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Spider bites: symptoms and treatment

Depending on the spider and its victim, spider bites can cause anything from mild itching and redness to an allergic reaction (such as anaphylaxis) that becomes a medical emergency and could even result in death. Although there have been no reported deaths in South Africa in recent decades due to spider bites, the venom can cause pain and discomfort.

There are two types of spider venom:

  1. Cytotoxic venom has a localised action, so it only affects the site of the bite.
  2. Neurotoxic venom affects the nervous system.

“Cytotoxic venom causes skin tissue on the bite site to decay, while neurotoxic venom can cause cramping followed by weakness of the skeletal muscles,” explains ER24 Emergency Care Practitioner Sam Daniel.

The most dangerous spiders in South Africa are the neurotoxic black and brown button (or widow) spiders, while sac spiders and violin spiders are cytotoxic. Baboon and rain spiders might bite if threatened but aren’t poisonous. However, even if you’re bitten by a non-poisonous spider, it’s best to get a tetanus shot.

Neurotoxic bite symptoms: seek urgent help

  • Immediate, burning pain that quickly spreads to the lymph nodes
  • Intense muscular pain and cramps develop within an hour, followed by anxiety and sweating
  • Rigid muscles
  • Racing pulse
  • Involuntary twitching
  • Flushed face.

Call ER24 on 084 124 for real help, real fast – or get the victim to the closest emergency room, where antivenom may be administered if required. Other treatments might also be necessary. Even if you didn’t see the spider that bit you, always seek medical help immediately if there’s a possibility the bite could have been from a venomous spider and/or you’re having a reaction.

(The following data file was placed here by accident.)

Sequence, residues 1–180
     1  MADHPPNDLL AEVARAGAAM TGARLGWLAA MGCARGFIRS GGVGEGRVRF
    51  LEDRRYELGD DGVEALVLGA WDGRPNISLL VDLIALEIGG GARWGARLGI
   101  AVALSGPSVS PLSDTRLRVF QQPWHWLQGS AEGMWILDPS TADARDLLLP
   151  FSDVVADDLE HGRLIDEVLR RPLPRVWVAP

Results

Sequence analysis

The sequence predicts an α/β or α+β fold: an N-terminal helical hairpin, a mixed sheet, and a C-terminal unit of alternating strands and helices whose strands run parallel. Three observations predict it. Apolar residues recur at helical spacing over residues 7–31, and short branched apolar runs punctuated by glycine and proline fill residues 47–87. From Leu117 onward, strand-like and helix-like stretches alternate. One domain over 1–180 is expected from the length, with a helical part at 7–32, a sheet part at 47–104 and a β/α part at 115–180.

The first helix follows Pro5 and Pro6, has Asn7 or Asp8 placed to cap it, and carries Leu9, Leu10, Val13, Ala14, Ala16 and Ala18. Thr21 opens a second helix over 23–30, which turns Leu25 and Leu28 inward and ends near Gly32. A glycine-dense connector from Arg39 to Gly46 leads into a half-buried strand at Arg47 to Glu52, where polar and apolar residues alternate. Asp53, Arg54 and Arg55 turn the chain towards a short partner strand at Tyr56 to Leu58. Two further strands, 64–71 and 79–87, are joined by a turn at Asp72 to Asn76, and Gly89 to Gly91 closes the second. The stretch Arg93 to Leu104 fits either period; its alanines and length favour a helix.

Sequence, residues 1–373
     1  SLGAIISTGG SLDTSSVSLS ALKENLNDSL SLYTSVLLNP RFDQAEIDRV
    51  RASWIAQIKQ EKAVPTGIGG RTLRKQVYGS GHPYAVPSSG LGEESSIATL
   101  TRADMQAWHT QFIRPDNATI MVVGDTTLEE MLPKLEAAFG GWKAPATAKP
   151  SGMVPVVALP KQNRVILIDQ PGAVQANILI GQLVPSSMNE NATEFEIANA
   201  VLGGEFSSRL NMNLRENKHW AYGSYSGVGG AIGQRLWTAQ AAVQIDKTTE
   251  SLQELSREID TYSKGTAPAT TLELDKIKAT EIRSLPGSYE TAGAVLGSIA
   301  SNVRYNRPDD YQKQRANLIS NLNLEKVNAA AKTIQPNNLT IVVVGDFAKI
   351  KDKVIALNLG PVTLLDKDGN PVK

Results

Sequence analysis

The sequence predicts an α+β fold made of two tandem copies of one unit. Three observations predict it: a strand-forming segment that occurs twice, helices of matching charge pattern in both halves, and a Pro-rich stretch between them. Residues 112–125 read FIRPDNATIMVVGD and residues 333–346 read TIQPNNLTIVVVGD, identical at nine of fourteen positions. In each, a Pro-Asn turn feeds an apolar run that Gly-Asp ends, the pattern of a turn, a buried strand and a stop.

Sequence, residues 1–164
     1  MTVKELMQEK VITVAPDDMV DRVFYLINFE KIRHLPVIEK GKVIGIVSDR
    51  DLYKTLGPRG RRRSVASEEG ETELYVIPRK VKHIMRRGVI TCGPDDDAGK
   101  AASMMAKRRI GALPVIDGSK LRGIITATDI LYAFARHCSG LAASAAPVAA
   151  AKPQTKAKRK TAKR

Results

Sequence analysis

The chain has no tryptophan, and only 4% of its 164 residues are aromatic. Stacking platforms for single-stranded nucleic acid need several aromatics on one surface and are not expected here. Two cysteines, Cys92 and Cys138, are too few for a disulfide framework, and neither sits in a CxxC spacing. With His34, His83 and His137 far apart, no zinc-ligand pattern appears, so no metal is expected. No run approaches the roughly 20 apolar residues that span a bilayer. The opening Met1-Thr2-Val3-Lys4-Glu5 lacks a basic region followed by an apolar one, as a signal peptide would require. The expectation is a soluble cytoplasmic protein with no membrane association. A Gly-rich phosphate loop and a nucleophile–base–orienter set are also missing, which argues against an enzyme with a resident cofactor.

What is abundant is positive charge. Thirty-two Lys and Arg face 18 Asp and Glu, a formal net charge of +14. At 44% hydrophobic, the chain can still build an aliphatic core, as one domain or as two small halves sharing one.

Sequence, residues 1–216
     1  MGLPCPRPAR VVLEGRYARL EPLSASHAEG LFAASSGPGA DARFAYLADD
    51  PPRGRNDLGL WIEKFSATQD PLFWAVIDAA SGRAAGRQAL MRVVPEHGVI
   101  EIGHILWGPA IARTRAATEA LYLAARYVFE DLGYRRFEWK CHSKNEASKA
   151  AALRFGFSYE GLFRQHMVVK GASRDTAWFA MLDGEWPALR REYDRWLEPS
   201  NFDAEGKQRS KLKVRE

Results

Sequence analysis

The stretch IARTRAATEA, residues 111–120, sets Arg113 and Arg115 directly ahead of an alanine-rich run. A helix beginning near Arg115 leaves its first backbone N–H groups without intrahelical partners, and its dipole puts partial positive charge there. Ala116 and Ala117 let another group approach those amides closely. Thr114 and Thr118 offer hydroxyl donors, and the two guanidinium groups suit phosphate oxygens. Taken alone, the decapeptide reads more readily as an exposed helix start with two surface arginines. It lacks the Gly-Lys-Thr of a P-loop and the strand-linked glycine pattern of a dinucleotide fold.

“Never attempt to self-medicate a spider bite,” warns Daniel. “Go to your closest emergency room, if possible, with a photo of the spider. This helps doctors determine what medication and other treatments to administer.”

Cytotoxic bites: symptoms and self-treatment

Spider bites often occur at night when the spider is disturbed by a sleeping person. The bites are often painless, so the victim might not even be aware of being bitten. However, fang marks, bleeding and redness may be a sign. Although there may be some swelling and itchiness at the bite site, it’s not too obvious at first. However, within 12-24 hours, it becomes painful, swollen and red. After a couple of days, the lesion might form a cluster of blisters.

Treatment is usually based on your symptoms and focuses on preventing and treating secondary infections and complications. Most patients will recover from a cytotoxic spider bite without medical assistance. Here’s what you can do at home:

  • Wash the bite area with cool soapy water to clean the wound and help prevent infection.
  • Apply a cool compress, such as an ice pack, to ease the pain of the bite and reduce swelling.
  • Elevate the bite site, if possible, to help reduce inflammation and swelling.
  • Take painkillers for minor pain.
  • Monitor the bite, and if necessary, especially if surrounding redness spreads or worsens, seek medical care.



GJ Muller et al, Spider bite in Southern Africa: Diagnosis and treatment, Continuing Medical Education, Vol 30, no10, 2012


C E du Plessis, Venomous spider bites in South Africa: epidemiology and clinical features, 2019